A version of this article was published in The Daily Express, 16 March 2022. © Richard Kemp
British defence sources say Putin’s forces may only be able to fight on for another 14 days. After failure to achieve the rapid capitulation he no doubt expected from Zelenskiy, several days ago Putin said his terms for ending the war are now Russia’s retention of Crimea and the Donbas region and a guarantee by Zelenskiy that Ukraine will not join NATO. Yesterday, Zelenskiy said he recognised Ukraine will never be in NATO. He previously suggested he would be willing to compromise on the status of the Donbas and Crimea.
Since the momentum of Moscow’s advance has slowed, the Russians have turned to ever more vicious use of airpower and artillery. Putin’s forces have not displayed the fighting prowess many expected and their losses have been relatively high. But, despite stiff Ukrainian resistance, there is still much more to come. If the British assessment is correct, a huge amount of death and destruction can still be inflicted on Ukraine in two weeks.
Putin is not likely to withdraw his forces until he has achieved his new, more minimalist terms, and can declare victory. With his grip on power and virtually unchallenged control of Russian media he will be able to spin his gains as a success.
There have been indications in recent days that both sides are now getting serious about peace negotiations. But that, and the public concessions by both Putin and Zelensky, does not mean we will see a quick end to the bloodshed. Even if Putin’s terms are met, he will want more. He will be looking for agreement by the West for an end, or at least initially a significant relaxation, of the sanctions on Russia which are beginning to bite hard.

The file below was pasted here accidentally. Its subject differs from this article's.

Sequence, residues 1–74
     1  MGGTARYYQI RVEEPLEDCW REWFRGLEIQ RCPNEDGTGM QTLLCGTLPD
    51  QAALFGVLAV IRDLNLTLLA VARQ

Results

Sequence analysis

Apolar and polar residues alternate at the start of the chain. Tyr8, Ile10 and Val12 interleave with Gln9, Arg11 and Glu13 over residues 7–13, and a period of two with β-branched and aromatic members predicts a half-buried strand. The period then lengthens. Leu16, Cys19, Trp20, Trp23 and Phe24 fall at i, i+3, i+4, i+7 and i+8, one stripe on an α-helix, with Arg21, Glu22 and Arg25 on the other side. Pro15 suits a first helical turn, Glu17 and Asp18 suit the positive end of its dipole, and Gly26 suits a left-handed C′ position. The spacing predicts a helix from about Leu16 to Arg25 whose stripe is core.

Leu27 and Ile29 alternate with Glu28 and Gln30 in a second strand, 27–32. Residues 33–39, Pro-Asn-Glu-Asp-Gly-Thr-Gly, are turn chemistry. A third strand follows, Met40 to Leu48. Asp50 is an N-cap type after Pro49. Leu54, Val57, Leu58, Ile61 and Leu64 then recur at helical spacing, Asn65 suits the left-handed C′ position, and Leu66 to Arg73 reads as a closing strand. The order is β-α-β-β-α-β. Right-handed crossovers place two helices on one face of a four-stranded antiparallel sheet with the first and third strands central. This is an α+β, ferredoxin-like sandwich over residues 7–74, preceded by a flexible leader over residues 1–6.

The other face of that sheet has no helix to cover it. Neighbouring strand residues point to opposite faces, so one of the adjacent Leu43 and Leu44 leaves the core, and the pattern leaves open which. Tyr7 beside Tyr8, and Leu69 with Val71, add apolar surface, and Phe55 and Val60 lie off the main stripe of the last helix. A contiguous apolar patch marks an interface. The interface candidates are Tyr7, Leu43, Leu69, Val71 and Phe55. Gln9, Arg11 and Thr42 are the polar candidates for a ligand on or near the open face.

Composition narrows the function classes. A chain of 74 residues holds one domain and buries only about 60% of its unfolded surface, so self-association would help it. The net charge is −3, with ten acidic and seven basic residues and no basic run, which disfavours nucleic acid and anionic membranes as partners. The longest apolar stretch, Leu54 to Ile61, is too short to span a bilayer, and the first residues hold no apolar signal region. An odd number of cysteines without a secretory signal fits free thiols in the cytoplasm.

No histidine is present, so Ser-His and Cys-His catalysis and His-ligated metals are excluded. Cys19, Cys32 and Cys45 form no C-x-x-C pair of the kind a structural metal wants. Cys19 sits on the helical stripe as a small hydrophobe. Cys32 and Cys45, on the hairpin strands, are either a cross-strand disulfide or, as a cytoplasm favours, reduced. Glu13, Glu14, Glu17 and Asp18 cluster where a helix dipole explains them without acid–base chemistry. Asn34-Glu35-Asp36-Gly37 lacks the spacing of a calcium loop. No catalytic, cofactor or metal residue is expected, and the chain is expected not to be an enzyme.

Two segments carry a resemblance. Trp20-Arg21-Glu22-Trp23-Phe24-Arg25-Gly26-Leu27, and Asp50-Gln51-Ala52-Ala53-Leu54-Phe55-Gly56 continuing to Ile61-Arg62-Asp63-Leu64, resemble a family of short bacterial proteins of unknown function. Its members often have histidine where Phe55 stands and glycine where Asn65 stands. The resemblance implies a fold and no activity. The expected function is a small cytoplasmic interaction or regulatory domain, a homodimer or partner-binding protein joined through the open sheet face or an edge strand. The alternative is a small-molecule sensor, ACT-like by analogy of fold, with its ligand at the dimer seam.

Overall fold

He will also want to use the unprecedented leverage the prospect of peace gives him against NATO and the EU, which have been looking on in dismay, with military impotence and weak-sounding public guarantees to Putin that they will not intervene. He will seek undertakings from NATO to pull back in eastern and northern Europe, and for the EU to repudiate future Ukrainian membership, even if only made behind closed doors. Such demands, when set against many more thousands of deaths and millions of refugees, will be hard for European and US leaders to resist.
If peace is agreed on Putin’s current terms, this will still be a victory for him, especially if sanctions are eased. It will also deter NATO, whose diplomatic resolve in the face of such appalling violence is likely to melt away when it ends.
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